Curbing Guinea’s other outbreaks
Keeping other outbreaks under control
DAKAR, 12 June 2014 (IRIN) - With health authorities and medical personnel battling Guinea’s first outbreak of Ebola, there have inevitably been concerns about finding the human and physical resources to combat other diseases. Unlike Ebola, measles and meningitis are well known to Guinea and require a major, coordinated response from both the state and NGOs. Despite the ‘Ebola factor’, health organizations say they have maintained their operations and are combating measles and meningitis effectively.
Ebola still advancing
According to World Health Organization
(WHO), over 200 people in Guinea have died of Ebola, with 344 infected since the outbreak
started, probably as early as December 2013, in the forested south-east. Despite strong response and containment efforts, the numbers continue to rise and the outbreak is spreading both within Guinea and neighbouring Liberia and Sierra Leone.
Confronting measles and meningitis
For Guinea in particular, the pressure is on to maintain resources for other medical priorities.
“Because Ebola is new to Guinea, it has certainly impacted on response times to other health crises,” acknowledges Timothy La Rose, spokesman for the UN Children’s Fund (UNICEF) in Guinea.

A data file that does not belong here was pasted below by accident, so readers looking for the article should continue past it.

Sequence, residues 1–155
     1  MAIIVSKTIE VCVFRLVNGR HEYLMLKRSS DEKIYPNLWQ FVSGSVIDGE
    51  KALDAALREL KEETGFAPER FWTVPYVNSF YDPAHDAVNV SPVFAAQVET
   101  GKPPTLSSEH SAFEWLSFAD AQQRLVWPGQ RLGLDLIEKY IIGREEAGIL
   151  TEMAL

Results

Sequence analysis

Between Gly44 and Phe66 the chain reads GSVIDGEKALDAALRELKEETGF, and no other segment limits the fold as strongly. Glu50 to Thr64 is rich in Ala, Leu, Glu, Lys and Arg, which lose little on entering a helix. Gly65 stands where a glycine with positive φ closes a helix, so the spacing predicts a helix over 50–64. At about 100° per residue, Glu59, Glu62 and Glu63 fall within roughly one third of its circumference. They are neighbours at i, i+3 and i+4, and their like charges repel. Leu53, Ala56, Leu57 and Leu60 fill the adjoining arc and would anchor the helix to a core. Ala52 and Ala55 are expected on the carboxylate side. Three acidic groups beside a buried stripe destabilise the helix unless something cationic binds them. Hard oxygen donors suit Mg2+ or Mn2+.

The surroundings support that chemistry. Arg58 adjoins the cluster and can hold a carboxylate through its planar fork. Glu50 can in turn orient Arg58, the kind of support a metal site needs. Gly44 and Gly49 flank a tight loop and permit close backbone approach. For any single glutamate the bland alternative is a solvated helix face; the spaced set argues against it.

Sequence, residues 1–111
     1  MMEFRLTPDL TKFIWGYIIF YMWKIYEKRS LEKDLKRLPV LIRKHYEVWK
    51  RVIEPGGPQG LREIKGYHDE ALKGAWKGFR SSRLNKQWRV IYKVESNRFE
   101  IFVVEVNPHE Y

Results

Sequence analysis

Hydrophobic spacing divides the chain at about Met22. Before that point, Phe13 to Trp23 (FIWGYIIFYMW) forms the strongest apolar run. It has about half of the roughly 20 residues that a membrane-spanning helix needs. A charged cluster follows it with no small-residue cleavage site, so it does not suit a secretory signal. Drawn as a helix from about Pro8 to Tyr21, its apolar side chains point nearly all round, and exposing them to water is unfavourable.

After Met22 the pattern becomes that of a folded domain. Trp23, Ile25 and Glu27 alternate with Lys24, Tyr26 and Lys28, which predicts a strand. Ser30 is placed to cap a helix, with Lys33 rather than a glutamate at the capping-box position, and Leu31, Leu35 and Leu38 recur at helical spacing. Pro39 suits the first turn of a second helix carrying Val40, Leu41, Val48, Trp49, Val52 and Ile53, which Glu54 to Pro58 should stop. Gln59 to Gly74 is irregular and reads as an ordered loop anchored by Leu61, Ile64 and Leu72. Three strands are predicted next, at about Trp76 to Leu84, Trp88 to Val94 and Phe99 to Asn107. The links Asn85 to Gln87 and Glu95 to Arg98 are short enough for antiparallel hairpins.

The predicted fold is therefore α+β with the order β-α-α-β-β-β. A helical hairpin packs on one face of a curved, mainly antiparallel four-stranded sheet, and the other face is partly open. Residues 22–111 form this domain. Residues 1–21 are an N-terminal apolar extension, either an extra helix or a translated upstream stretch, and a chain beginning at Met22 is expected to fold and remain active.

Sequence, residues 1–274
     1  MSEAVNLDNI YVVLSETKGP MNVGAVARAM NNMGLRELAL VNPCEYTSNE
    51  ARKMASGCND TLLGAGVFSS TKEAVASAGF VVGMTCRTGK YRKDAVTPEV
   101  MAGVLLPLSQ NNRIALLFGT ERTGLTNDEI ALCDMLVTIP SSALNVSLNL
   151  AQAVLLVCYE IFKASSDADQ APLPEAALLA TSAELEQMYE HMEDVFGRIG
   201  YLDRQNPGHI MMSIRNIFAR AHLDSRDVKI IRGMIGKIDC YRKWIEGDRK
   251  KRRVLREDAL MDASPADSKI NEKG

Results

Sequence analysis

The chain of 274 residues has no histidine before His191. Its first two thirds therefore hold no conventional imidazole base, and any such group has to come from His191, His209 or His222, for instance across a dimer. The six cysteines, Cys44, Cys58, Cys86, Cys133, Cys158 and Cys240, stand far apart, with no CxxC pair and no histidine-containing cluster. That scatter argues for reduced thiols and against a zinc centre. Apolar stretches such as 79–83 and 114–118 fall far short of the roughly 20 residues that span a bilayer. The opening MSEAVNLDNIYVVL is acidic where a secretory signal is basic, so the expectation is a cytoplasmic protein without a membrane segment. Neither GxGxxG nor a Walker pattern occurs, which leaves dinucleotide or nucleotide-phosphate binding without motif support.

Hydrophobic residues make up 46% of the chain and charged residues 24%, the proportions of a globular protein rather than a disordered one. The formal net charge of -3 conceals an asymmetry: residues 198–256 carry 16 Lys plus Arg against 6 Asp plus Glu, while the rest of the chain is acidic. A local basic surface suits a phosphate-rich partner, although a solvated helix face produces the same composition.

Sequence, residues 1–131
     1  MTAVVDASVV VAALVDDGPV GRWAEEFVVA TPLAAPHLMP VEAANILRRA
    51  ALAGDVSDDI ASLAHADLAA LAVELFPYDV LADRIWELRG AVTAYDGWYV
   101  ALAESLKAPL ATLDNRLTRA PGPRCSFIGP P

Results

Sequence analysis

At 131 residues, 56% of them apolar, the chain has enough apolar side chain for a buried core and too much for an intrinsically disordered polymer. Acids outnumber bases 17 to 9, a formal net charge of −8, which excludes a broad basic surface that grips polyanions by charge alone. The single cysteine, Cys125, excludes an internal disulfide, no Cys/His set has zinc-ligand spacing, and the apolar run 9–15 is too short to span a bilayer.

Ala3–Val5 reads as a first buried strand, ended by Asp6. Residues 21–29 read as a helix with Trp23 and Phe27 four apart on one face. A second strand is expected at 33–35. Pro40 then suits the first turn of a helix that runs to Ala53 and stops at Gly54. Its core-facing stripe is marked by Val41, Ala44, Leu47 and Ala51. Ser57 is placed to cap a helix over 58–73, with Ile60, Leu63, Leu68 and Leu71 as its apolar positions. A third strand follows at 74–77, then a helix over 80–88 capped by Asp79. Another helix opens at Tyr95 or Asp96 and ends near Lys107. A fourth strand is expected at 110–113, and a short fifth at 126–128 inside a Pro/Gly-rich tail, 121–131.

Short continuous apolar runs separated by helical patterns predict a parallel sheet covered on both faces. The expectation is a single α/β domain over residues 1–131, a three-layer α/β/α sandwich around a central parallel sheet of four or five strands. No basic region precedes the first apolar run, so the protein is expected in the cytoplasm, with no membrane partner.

Due to low vaccination coverage, Guinea is hit by major outbreaks of measles every few years. Last year, 143 cases of measles were reported across several regions. During a 2009 epidemic, there were 4,755 suspected cases, most of which were concentrated in and around Conakry. Ten children died. Just 37 percent of children in Guinea are fully vaccinated, according to UNICEF.
Guinea is part of Africa’s meningitis belt and sees frequent meningitis outbreaks. There were at least 400 suspected cases in 2013 and more than 40 deaths. Since November 2013, there have been 5,425 suspected cases of measles in eight districts in Guinea, including the capital Conakry. Out of those cases, 129 have been confirmed and 12 people have died. Most of the cases have been children under the age of 10, according to the Ministry of Health’s Disease Prevention Unit.
Since January 2014, meningitis is believed to have affected 539 people, mostly in three districts of Upper Guinea: Siguiri, Mandiana and Kouroussa. Fifty-two people have died.
Working away from the headlines
The fight to contain the spread of Ebola has inevitably drawn more media attention, but health experts say that, away from the headlines, essential work is being done on other diseases.
“It’s never easy, but the response has been quite good,” said Corinne Benazech, Head of Mission for Médecins Sans Frontières (MSF) in Guinea. “Of course we don’t talk about measles or meningitis like we’ve been talking about Ebola, but on the field, the action has been done and I think that’s the most important thing.”
MSF continues to provide measles treatment free-of-charge, as well as for follow-up cases where there have been complications. UNICEF has been donating medical supplies and other materials such as needles, biohazard boxes, gloves masks and transportation.